Is it time to be bearish on Bitcoin right now?
“If these squeezes play out one after another, it will cause a domino effect. The liquidation of one contract at $35,000 could lead to another at $34,000 which would lead to another liquidation at $33,000” says financial analyst Jeff Broth
By Jeff Broth. Jeff Broth is a financial writer and investor. With over 5 years of trading in the financial markets, Jeff contributes his knowledge and insights on market developments
Bitcoin is on a roll. It was trading below $11,000 in the first week of October 2020 and almost touched $42,000 on January 9, 2021. That’s an appreciation of almost 282% in a little over three months. From the looks of it, the flagship cryptocurrency seems to have finally come into its own.
The last time bitcoin rallied like this was during its glory days in 2017. However, at the time, the rally was based on demand from retail investors and there were a lot of governments around the world who couldn’t quite figure out how to deal with bitcoin and other cryptos.
A number of countries banned trading or disallowed banks from supporting exchanges and ensured that demand for crypto died down quickly. Bitcoin fell from a high of over $19,000 in December 2017 to less than $5,500 in November 2018. This was when crypto bears made a ton of money when they shorted bitcoin.
Investors of repute like Warren Buffett as well as large institutional players such as JP Morgan were previously skeptical about Bitcoin. While the Oracle of Omaha is still wary about the applications of Bitcoin, JP Morgan is now eyeing cryptocurrencies as an alternative asset class.
It’s quite evident that the rally seems different right now. In fact, JP Morgan even published a note saying that it expects bitcoin to hit $100,000 in 2021.
The Long Squeeze Challenge
The very quality that makes bitcoin an attractive investment, its limited availability, also makes it prone to massive and sudden corrections.
Hedge fund Pantera Capital told its investors that fintech firms have been raking in a majority of the new bitcoins in 2020. The fund estimated that Square’s clients have accounted for 40% of the bitcoins in the last two years while PayPal’s new offering in October 2020 accounted for 70% of the new bitcoins.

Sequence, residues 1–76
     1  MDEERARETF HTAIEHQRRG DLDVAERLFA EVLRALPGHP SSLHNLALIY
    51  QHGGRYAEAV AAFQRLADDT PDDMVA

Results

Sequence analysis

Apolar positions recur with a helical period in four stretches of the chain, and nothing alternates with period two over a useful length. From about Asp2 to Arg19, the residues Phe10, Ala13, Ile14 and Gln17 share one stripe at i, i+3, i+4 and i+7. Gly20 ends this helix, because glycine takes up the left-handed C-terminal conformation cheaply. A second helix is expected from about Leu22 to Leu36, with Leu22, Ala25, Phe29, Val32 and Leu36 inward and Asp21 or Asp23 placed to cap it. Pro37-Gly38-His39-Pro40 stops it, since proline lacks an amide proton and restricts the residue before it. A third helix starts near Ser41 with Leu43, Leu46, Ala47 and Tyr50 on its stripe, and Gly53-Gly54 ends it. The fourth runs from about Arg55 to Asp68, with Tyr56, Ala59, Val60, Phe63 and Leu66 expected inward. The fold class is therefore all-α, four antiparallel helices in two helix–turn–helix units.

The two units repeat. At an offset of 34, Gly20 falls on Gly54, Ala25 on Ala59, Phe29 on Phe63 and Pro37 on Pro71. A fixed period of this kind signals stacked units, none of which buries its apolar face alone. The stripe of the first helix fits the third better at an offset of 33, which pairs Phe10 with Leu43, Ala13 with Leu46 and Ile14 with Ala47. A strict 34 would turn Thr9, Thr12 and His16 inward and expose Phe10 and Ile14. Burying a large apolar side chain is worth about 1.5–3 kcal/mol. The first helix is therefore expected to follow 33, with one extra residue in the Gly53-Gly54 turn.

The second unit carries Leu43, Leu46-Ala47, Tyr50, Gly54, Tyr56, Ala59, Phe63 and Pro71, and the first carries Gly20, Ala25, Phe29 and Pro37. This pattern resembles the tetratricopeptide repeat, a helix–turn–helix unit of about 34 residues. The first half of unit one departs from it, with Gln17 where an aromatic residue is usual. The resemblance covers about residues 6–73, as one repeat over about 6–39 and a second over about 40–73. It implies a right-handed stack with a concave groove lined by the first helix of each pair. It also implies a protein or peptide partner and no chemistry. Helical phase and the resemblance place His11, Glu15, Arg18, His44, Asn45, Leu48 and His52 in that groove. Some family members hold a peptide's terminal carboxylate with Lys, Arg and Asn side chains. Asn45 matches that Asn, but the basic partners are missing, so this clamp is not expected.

Large investors like Stanley Druckenmiller, founder of hedge fund Duquesne Capital, and Rick Rieder, BlackRock chief investment officer of global fixed income, have been talking up bitcoin in 2020.
Wall Street never looks at any investment for the long term. If there is fast money to be made in the short term they will press the switch. With regular fiat currencies, as economies grow, the amount of currency available also expands. However, this is not the case with bitcoin. Since its supply is fixed, its value goes higher and that means bitcoin owners use smaller fractions of the cryptocurrency to pay for goods and services.
However, this also gives a few traders ungodly influence over bitcoin. Bitcoin futures are today trading at over $11 billion. This is the most number of players in bitcoin’s history who are playing on its price movements. If a few traders decide to go in for a long squeeze, it could send bitcoin prices cascading downwards.
A long squeeze works when buyers are forced to liquidate their positions when bitcoin prices drop to a certain threshold. If these squeezes play out one after another, it will cause a domino effect. The liquidation of one contract at $35,000 could lead to another at $34,000 which would lead to another liquidation at $33,000 and so forth.
Just Another Investment
As bitcoin has shot up, Nigel Green CEO of financial group deVere, and long-time bitcoin fan, believes that it should be treated as just another investment. In an email to Forbes, he said that he sold off half his bitcoin holdings when the crypto was trading at $25,000 in December 2020.
“I have sold half my holdings of bitcoin as it hit an all-time high. Why? Because it should now be treated as any other investment—that’s to say, where possible, it’s better to sell high and re-buy in the dips,” said Green. He said that the digital currency was the best performing asset of 2020 and it delivered a return of over 200% to him, and that is why he sold a part of his stake.
However, Green clarified that his decision to sell shouldn’t be taken as a sign that he has lost faith in bitcoin. He says he has booked his profits and is waiting for the digital currency to dip so that he can re-enter the market.
There is another inherent danger to the bitcoin rally. What happens if large players stop accumulating bitcoin? The Grayscale Bitcoin Trust hasn’t seen any slowdown from large players so far but if they decide that bitcoin is too expensive for them, there is a chance that a pullback to occur.
Slower accumulation by large players could also lead to the cascading long squeezes that were mentioned earlier in the piece. If that happens, it’s almost a guarantee that bitcoin prices will see a very sharp correction.
Ray Dalio, founder and co-chairman of the world’s biggest hedge fund, Bridgewater Associates, has said that bitcoin has established itself as a “gold-like asset alternative.” The problem with bitcoin is that its market cap is only around 7% that of gold. It is a lot more prone to short term corrections than the yellow metal.
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